More widespread South-ern African forest endemics occurring here are Forest Buzzard, Knysna Lourie (p.125), Chorister Robin (p.125*), Cape Batis, Olive Bush Shrike and Forest Canary, and other special birds include the Crowned Eagle, Narina Trogon (p.125*) and the dazzling Emerald Cuckoo.

4. Arid Savanna

Perhaps Africa’s most characteristic vegetation type, this biome forms an intermediate between grassland and woodland, and occupies the northeast of our region, the Kalahari. Rainfall is in the form of summer thunderstorms that support good grass cover below a varying density of thorn-trees, perhaps most characteristically the camel-thorn (Acacia erioloba). Although savanna supports a diverse bird community, most of these species are widely distributed in southern Africa and further afield. However, the savanna in this region is characteristically arid, and endemics include Short-clawed Lark, Kalahari Robin, Ashy Tit, Marico Flycatcher and Crimson-breasted Shrike. The species composition present at a given locality depends on the relative density of grass and trees; consult Kalahari for details.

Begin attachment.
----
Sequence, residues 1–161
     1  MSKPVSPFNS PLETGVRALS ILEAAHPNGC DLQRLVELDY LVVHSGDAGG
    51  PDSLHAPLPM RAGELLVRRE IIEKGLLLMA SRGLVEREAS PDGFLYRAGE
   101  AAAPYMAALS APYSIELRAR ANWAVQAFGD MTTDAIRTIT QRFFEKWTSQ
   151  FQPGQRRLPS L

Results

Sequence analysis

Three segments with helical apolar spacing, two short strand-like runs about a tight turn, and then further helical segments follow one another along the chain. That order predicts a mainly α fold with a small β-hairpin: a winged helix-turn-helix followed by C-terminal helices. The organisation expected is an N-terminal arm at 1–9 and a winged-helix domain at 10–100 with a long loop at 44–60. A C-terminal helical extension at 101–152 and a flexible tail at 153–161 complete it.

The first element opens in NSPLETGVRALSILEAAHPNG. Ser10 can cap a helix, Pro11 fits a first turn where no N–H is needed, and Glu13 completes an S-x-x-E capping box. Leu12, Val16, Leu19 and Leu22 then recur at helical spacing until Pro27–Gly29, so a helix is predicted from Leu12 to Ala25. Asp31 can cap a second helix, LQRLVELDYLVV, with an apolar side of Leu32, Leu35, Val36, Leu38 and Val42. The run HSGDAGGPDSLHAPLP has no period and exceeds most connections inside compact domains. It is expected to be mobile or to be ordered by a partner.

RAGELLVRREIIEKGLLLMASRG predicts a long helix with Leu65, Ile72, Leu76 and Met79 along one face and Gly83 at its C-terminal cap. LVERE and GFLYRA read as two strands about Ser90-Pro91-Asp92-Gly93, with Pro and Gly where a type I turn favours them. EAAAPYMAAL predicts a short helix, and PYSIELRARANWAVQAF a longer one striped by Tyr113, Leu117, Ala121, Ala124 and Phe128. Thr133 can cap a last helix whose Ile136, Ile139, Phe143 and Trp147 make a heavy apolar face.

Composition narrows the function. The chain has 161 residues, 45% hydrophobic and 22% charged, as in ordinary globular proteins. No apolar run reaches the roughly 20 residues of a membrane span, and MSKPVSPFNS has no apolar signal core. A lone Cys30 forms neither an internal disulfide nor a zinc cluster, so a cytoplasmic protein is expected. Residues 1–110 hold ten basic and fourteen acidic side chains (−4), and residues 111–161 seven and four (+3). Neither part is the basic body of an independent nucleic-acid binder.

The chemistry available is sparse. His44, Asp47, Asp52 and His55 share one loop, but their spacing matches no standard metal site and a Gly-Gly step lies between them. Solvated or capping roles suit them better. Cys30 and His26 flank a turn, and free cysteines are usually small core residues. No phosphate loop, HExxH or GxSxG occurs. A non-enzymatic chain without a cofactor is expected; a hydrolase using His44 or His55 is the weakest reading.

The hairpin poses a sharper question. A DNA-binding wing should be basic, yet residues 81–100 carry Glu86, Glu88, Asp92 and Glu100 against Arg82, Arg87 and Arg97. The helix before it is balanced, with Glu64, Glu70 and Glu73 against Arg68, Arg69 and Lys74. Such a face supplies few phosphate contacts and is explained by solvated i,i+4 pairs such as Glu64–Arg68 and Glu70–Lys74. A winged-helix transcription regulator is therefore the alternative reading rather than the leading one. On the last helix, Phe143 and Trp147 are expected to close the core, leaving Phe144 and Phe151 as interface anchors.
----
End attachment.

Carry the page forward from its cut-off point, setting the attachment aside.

5. Coastal and Wetland

Both the Atlantic and Indian oceans flank this region, merging at Africa’s southernmost point, Cape Agulhas (p.59). The productive Benguela Current surges up the Atlantic coast, bringing chilly, nutrient-rich waters from Antarctica, while the warmer Agulhas Current moves down the east coast of Africa from more tropical climes. The birds endemic or near-endemic to the plentiful waters of the Benguela Current of southern Africa’s west coast are African Penguin (p.32*), Cape Gannet, Cape, Bank (p.21*) and Crowned Cormorants, African Black Oystercatcher (p.33*), Hartlaub’s Gull and Damara Tern; consult the Cape Peninsula, West Coast, Overberg and Namaqualand chapters. Furthermore, huge numbers of migrant pelagic seabirds are attracted to offshore waters (see Seabirding).